A bipartisan group of state lawmakers and cannabis activists is calling on Missouri Governor Mike Parson to include recreational marijuana legalization in a special legislative session scheduled for later this month. The legislators and advocates also announced the launch of a campaign to oppose a voter initiative to legalize adult-use cannabis, which will appear on the Missouri ballot as Amendment 3 in the November general election.
Missouri state lawmakers will return to the state Capitol in Jefferson City on September 14 to debate a $700 million tax cut plan advanced by Parson. But cannabis activists and legislators including Republican state Representative Tony Lovasco are calling on the governor to add discussions for a marijuana legalization plan that could be passed before the electorate votes on Amendment 3, which is supported by the state’s medical marijuana industry.
“Rather than settle for an ill-suited and monopolistic program shoehorned into our (state) constitution, the Missouri General Assembly has a unique opportunity to consider legislation that would legalize cannabis in a truly free market fashion,” Lovasco said.
The state legislature considered a bill to legalize recreational cannabis in Missouri earlier this year, but the legislation stalled under intense lobbying pressure from the established medical marijuana industry. Instead, the medical cannabis lobby supported the initiative campaign for Amendment 3, which would give current medical marijuana licensees the first shot at recreational cannabis licenses and put a cap on the number of marijuana businesses that can operate in the state.
State officials announced on August 9 that Amendment 3 had qualified for the ballot for this fall’s general election. On August 19, however, opponents of marijuana legalization filed a lawsuit to block the initiative from the November ballot.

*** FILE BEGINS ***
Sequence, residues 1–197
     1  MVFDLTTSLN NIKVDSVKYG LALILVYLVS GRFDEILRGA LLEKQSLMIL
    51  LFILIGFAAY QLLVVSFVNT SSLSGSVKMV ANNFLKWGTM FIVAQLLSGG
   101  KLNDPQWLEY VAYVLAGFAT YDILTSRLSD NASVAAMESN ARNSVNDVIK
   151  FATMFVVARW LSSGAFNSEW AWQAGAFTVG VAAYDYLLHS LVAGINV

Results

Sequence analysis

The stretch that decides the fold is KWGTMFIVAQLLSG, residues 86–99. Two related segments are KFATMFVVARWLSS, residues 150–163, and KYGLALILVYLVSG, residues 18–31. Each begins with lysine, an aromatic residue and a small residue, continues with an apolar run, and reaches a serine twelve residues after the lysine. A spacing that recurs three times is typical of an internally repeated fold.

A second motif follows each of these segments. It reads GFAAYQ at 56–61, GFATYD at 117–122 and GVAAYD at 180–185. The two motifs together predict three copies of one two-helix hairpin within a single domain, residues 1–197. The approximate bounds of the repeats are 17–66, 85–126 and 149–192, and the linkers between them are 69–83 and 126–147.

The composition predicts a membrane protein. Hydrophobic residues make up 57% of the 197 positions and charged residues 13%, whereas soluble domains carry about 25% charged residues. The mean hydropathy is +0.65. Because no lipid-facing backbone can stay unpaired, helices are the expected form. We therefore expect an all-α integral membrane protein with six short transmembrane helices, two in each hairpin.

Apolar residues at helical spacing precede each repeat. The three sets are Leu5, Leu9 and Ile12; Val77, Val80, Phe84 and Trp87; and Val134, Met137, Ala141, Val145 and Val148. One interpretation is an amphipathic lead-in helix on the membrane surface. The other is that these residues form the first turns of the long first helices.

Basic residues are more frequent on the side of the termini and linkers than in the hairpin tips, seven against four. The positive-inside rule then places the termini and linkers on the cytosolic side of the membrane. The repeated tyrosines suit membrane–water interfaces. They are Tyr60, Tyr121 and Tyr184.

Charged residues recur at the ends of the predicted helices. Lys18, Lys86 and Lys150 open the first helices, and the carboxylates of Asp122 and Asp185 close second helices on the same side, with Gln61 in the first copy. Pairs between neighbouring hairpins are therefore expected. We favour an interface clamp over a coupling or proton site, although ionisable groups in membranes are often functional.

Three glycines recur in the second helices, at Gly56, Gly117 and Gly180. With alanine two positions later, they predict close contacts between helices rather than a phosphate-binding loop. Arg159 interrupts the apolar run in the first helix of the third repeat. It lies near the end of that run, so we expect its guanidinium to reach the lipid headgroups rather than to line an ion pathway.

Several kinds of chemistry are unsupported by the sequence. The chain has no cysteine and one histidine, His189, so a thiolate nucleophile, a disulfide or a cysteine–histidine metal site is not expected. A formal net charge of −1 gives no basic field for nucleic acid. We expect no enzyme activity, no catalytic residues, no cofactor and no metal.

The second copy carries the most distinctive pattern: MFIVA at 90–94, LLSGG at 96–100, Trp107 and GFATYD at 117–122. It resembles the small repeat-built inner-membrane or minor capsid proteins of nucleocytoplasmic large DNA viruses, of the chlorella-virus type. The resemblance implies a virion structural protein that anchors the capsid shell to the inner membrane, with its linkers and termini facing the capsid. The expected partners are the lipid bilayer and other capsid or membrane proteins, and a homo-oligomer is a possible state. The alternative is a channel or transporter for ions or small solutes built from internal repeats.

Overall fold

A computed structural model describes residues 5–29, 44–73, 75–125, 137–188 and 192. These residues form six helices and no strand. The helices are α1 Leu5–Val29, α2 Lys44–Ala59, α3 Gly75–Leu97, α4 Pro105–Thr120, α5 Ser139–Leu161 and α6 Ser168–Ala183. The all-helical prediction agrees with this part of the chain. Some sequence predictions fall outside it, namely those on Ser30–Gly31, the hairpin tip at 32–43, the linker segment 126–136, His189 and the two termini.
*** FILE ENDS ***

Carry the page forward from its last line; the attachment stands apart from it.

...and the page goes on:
Whether Parson will grant the request and add adult-use cannabis legalization to the agenda for the special legislative session remains to be seen. The governor has received significant campaign funding from the medical marijuana industry and has publicly opposed the recreational marijuana legalization amendment, saying that it is a “disaster” that will mostly benefit “corporations behind marijuana.”
Missouri Group Opposes Amendment 3
Advocates for including marijuana legalization talks in the special legislative session repeated Parson’s complaints about Amendment 3. State Representative Wiley Price, a Democrat, said that the proposal would “corner the market for those already in position and continue a long tradition of predatory behavior on minority and poor communities.”
Opponents of Amendment 3 also note that the initiative includes provisions that criminalize some marijuana-related activities. Because the proposal is a constitutional amendment, changing it in the future will be a difficult process.
“We oppose any effort to put criminal or civil penalties for marijuana in the Missouri Constitution,” said Jeremy Cady, director of Americans for Prosperity Missouri. “The General Assembly should act to end marijuana prohibition and do so in a manner that adheres to free market principles.”
“It can be changed, but it’s going to be very, very hard, so the people who put this in place, will have full control over whether something changes again,” added cannabis activist Timothy Gilio.
John Payne, campaign manager for Legal Missouri 2022, the group campaigning for the passage of Amendment 3, criticized Eapen Thampy, a lobbyist who is helping organize opposition to the ballot measure. He said if voters approve Amendment 3, it would “ruin [Thampy’s] business model of lobbying for failed marijuana legalization efforts year after year.”
“In November, we will become the 20th state to legalize, tax and regulate marijuana and the first state to vote for automatic expungement of past, non-violent marijuana offenses,” Payne said. “Amendment 3 will allow law enforcement to focus on serious and violent crime, while bringing millions in new revenues to Missourians.”
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